If you are not one to play the risky stock market with your retirement savings and you just want to keep what you have and maybe grow it a little to keep pace, then a bond ladder may be for you.
Say you have done a good job saving for retirement and may have enough if you can just keep it, then a bond a ladder my appeal to you.
Even if you are a stock investor and follow the asset allocation model many advisers suggest for retirees, you probably have some of your savings in bonds as part of your larger portfolio. A bond ladder could help in that case too.
A bond ladder is a great sleep well at night investment approach.
I say bond ladder, but it could be a CD ladder as well or a mixture of both. Fixed income ladder maybe is a better word, but I will use bond ladder in this discussion.
What is a Bond Ladder?
As an example, say you have $100,000 that you can invest to build your bond ladder with and you want to build a 5 year bond ladder. You would buy five bonds, one expiring five years from now for $20,000, another bond expiring four years from now for $20,000 and so on down to one year from now.
So now your bond ladder would look like this:
Expiration Date Amount
End on year one $20,000
End of year two $20,000
End on year Three $20,000
End on year four $20,000
End on year five $20,000
This is a five rung bond ladder. You may make as many rungs as you want. Many who have sufficient funds build a 10 year bond ladder.
You may have a million dollars and want to have a 10 year bond ladder with $100,000 of bonds expiring every year for the next 10 years. How nice would that be!
How A Bond Ladder Works
You collect interest from all the bonds in the bond ladder. Usually most bonds pay interest twice a year but it could be more often. When the bonds in year one expire, the principal will show up in your account. Then you buy a new bond expiring five years from then. Every year as bonds expire, you purchase a new replacement bond five years out. This way you get the best interest rate on bond purchases and you always have bonds expiring for the next five years.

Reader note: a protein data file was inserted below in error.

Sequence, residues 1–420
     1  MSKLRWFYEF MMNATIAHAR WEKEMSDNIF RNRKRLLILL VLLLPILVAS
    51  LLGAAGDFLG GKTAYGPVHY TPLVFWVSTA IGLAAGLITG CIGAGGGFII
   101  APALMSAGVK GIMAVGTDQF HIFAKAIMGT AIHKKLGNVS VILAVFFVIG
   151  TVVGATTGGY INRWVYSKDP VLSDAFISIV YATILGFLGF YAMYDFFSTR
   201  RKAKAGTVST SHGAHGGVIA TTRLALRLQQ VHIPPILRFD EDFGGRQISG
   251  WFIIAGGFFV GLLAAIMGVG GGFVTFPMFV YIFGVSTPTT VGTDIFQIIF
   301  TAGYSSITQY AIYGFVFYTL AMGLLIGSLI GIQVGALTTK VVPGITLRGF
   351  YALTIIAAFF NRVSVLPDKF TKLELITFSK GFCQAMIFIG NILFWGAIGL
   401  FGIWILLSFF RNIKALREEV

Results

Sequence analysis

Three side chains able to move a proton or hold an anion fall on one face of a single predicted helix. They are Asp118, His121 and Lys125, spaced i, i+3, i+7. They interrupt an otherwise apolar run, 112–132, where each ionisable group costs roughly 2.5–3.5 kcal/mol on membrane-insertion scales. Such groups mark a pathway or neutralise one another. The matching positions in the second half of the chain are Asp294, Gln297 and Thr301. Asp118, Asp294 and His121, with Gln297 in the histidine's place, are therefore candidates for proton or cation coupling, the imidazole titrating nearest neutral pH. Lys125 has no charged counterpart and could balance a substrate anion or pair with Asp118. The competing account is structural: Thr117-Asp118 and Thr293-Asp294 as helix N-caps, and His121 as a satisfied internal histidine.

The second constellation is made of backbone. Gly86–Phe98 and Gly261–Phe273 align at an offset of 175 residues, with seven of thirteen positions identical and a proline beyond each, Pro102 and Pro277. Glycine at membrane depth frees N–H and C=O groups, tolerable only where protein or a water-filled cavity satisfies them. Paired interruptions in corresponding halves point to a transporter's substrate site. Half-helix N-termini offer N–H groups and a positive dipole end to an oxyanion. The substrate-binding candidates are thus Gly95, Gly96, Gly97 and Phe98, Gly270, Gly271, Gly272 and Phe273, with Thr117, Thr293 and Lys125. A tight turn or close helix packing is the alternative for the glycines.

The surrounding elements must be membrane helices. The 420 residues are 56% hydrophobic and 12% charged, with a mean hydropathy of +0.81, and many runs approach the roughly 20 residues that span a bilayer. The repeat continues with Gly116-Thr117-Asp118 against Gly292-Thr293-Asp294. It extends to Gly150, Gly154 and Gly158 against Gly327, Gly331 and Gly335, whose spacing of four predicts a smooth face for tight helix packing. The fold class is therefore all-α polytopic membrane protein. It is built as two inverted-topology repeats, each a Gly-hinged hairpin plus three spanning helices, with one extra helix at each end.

Once you have your bond ladder built, this takes the guess work out (and worry) about what interest rates will do in the future. If interest rates go up after you have your bond ladder, then great you will get a higher return when you buy the next replacement bond.
What Kind of Bonds Are Good For Retirement Savings Bond Ladder
US Treasury Bonds, Municipal Bonds, US Government Agency Bonds, Investment Grade US Corporate Bonds, TIPS and even CDs (Certificates of Deposit). A great source of current rates of bonds of all types is Bondsonline.com.
What’s Good About Bond Ladders
- Bond Ladders are one of the safest investment strategies. It takes the worry out and let’s you sleep well at night (SWAT).
- You always have money coming in with bond interest payments coming in and also bonds expiring every year.
- It takes the guessing out. No one knows what either the stock market or interest rates will do. Don’t try to guess, just invest in a bond ladder.
- A Bond Ladder can offer steady income, stability of principal, and diversification
- A bond ladder can be used to help preserve retirement savings and generate income with less interest-rate risk if rates change.
Things to Be Aware of With A Bond Ladder
- In this article, we are talking about buying individual bonds or CDs not buying a bond fund. There is a difference you need to research. Here is some info individual bonds vs bond funds.
- The market value of the bonds in your ladder will go down if interest rates go up, but if you hold the bond to maturity, which is our plan, then you get all your principal back and don’t loose anything. So build your bond ladder with funds you can leave in the bond until it expires.
How to Get Started Building a Bond Ladder
Do your research first. There are plenty of on line resources about building bond ladders. Read Charles Schwab’s article about Building Bond Ladders for Income.
Bond Ladder Resources
Bondsonline – Your source for fixed income investing.
Individual Bonds vs Bond Funds
Bondsquawk – This site is not being kept current but still has a lot of good info
TIPSwatch – all about Treasury Inflation Protection Securities
TreasuryDirect – Photo for Learn About U.S. Treasury Auctions